Can Hillary Clinton go a day without riddling her speeches by untruths and fact-twisting?<br><br>In a speech in Oregon on Saturday, Clinton said, "Clinton on Saturday told Oregonians, "When Sen. Obama came to the Senate he and I have voted exactly the same except for one vote. And that happens to be the facts. We both voted against early deadlines. I actually starting criticizing the war in Iraq before he did."
<br><br>[color:blue]Wrong! Very Wrong!
</font color=blue><br><br>ABC News Senior National Correspondent Jake Tapper did such a good job talking about this in his blog that I am going to quote him just about word for word:<br><br>"Sen. Hillary Clinton attempted to change the measure by which anyone might assess who criticized the Iraq war first, her or Sen. Barack Obama, D-Ill., by saying those keeping records should start in January 2005, when Obama joined the Senate. (A measure that conveniently avoids her October 2002 vote to authorize use of force against Iraq at a time that Obama was speaking out against the war.) She claimed that using that measure, she criticized the war in Iraq before Obama did.<br><br>It's an odd way to measure opposition to the war -- comparing who gave the first criticism of the war in Iraq starting in January 2005, ignoring Obama's opposition to the war throughout 2003 and 2004. (And Clinton's vote for it.)<br><br>But even if one were to employ this "Start Counting in January 2005" measurement, Clinton did not criticize the war in Iraq first.<br><br>Scrambling to support their boss's claim, Clinton campaign officials pointed to a paper statement Clinton issued on Jan. 26, 2005, explaining her vote to confirm Condoleezza Rice as Secretary of State.<br><br>"The Administration and Defense Department's Iraq policy has been, by any reasonable measure, riddled with errors, misstatements and misjudgments," the January 2005 Clinton statement said. "From the beginning of the Iraqi war, we were inadequately prepared for the aftermath of the invasion with too few troops and an inadequate plan to stabilize Iraq."<br><br>But Obama offered criticisms of the war in Iraq eight days before that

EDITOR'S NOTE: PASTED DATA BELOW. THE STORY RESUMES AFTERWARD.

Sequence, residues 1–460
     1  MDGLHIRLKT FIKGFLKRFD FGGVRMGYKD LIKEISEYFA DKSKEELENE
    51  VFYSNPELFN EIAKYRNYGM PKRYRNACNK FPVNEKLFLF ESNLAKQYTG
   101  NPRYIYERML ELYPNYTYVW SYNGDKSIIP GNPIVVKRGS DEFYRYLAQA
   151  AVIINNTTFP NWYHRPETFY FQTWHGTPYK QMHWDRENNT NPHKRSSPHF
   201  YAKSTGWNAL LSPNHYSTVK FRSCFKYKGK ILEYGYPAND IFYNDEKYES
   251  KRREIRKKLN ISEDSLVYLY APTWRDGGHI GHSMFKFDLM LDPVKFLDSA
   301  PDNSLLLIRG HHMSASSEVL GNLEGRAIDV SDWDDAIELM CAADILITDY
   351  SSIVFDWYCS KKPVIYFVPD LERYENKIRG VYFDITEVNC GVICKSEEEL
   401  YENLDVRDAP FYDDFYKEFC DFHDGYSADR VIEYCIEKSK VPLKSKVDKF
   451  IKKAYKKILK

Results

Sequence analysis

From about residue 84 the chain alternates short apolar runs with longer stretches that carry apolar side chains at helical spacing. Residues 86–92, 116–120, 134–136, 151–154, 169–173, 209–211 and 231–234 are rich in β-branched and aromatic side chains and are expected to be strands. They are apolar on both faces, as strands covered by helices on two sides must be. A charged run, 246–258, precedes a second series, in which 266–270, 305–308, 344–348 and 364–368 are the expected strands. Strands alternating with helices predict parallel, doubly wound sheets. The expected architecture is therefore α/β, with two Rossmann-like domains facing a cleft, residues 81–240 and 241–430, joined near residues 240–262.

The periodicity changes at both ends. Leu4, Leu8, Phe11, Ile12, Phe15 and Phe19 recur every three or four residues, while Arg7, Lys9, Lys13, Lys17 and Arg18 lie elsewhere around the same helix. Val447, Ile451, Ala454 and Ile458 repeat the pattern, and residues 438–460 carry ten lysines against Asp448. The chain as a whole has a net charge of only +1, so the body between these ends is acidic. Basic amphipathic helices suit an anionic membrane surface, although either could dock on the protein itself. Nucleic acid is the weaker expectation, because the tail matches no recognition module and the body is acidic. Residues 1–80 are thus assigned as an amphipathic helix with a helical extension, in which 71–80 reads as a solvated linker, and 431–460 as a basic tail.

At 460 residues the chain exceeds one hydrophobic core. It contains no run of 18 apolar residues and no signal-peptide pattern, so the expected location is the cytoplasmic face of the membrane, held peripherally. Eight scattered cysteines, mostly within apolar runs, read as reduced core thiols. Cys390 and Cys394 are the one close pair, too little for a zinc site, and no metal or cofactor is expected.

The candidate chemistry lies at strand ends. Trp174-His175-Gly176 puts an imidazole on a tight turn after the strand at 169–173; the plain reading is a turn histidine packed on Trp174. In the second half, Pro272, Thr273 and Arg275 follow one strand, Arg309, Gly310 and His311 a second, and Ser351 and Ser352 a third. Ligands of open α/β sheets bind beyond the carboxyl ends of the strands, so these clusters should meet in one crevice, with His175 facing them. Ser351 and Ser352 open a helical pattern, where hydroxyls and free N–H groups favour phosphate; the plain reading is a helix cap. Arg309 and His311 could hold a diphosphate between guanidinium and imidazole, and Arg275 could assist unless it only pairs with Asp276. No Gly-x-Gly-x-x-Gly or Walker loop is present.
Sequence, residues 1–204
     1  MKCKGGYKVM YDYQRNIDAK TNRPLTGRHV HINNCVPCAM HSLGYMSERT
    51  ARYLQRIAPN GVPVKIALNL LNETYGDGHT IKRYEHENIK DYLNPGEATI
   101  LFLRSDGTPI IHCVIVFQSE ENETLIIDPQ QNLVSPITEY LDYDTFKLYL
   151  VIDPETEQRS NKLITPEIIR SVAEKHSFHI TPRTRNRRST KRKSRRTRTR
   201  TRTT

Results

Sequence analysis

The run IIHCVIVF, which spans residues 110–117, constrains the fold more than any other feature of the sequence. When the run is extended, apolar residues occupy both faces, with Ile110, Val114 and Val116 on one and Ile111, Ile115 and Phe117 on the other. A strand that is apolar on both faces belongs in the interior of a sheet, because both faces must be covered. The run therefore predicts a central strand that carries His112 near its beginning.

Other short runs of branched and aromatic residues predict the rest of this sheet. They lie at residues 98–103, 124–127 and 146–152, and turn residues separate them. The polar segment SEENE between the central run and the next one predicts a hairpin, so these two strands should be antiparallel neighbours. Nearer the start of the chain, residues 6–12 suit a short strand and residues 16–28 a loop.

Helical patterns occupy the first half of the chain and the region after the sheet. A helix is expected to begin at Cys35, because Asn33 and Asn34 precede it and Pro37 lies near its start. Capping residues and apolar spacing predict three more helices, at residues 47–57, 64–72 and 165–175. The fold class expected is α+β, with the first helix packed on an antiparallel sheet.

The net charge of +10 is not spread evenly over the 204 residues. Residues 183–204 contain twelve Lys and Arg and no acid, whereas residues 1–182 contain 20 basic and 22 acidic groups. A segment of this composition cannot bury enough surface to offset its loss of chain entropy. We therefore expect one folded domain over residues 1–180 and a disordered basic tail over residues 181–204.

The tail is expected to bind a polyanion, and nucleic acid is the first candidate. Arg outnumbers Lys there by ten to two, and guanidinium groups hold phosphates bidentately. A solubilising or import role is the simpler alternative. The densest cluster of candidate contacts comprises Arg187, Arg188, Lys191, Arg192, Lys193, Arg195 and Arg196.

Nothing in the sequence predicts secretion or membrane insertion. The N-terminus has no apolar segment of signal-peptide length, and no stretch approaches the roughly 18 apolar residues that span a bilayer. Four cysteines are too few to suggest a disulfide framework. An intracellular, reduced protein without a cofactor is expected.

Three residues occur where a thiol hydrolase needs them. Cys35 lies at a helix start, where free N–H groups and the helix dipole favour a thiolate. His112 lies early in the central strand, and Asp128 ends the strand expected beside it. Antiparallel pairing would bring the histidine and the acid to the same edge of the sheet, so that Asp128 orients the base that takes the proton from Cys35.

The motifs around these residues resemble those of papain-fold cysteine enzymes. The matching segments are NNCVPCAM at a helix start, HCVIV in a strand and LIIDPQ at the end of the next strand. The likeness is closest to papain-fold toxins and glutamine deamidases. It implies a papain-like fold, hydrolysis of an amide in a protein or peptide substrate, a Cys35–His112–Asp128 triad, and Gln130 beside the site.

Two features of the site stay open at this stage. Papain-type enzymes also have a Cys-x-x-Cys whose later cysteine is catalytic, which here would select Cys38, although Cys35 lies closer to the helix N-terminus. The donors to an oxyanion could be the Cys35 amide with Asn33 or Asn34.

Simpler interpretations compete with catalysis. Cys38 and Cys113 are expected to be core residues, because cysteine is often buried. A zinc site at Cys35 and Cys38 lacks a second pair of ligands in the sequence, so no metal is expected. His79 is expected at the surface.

, directly to Rice, in his very first meeting as a member of the Senate Foreign Relations Committee on Jan. 18.<br><br>Obama pushed Rice on her answers to previous questioners regarding the effectiveness of Iraqi troops, and he criticized the administration for conveying a never-ending commitment to a US troop presence in Iraq.<br><br>"I am concerned about this notion that was pursued by Senator Biden and others that we've made significant progress in training troops," Obama told Rice "Because it seems to me that in your response to Senator Alexander that we will not be able to get our troops out absent the Iraqi forces being able to secure their own country, or at least this administration would not be willing to define success in the absence of such security. I never got quite a clear answer to Senator Biden's question as to how many troops -- Iraqi troops -- don't just have a uniform and aren't just drawing a paycheck, but are effective enough and committed enough that we would willingly have our own troops fighting side-by- side with them. The number of 120,000 you gave, I suspect, does not meet those fairly stringent criteria that Senator Biden was alluding to. I just want to make sure, on the record, that you give me some sense of where we're at now."<br><br>Obama concluded his brief q&a by saying "if our measure is bring our troops home and success is measured by whether Iraqis can secure their own circumstances, and if our best troops in the world are having trouble controlling the situation with 150,000 or so, it sounds like we've got a long way to go. And I think part of what the American people are going to need is some certainty, not an absolute timetable, but a little more certainty than is being provided, because right now, it appears to be an entirely open-ended commitment."<br><br>